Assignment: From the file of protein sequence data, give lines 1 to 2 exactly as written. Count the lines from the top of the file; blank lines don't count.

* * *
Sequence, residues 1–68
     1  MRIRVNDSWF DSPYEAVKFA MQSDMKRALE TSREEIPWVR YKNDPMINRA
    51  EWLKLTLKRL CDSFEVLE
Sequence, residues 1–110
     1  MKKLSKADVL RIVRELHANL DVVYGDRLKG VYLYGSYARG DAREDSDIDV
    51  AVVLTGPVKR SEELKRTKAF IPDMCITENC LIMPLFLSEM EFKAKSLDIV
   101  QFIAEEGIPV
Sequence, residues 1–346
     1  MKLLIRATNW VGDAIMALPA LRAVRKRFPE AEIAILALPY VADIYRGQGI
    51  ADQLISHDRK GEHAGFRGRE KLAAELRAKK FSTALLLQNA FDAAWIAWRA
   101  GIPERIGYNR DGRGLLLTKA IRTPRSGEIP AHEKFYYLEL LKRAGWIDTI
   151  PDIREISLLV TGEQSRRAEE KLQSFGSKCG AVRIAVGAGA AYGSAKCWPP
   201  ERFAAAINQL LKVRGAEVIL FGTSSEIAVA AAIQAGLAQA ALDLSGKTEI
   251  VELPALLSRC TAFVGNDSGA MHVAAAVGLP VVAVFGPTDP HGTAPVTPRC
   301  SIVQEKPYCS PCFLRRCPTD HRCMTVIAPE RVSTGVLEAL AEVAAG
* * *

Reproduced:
Sequence, residues 1–68
     1  MRIRVNDSWF DSPYEAVKFA MQSDMKRALE TSREEIPWVR YKNDPMINRA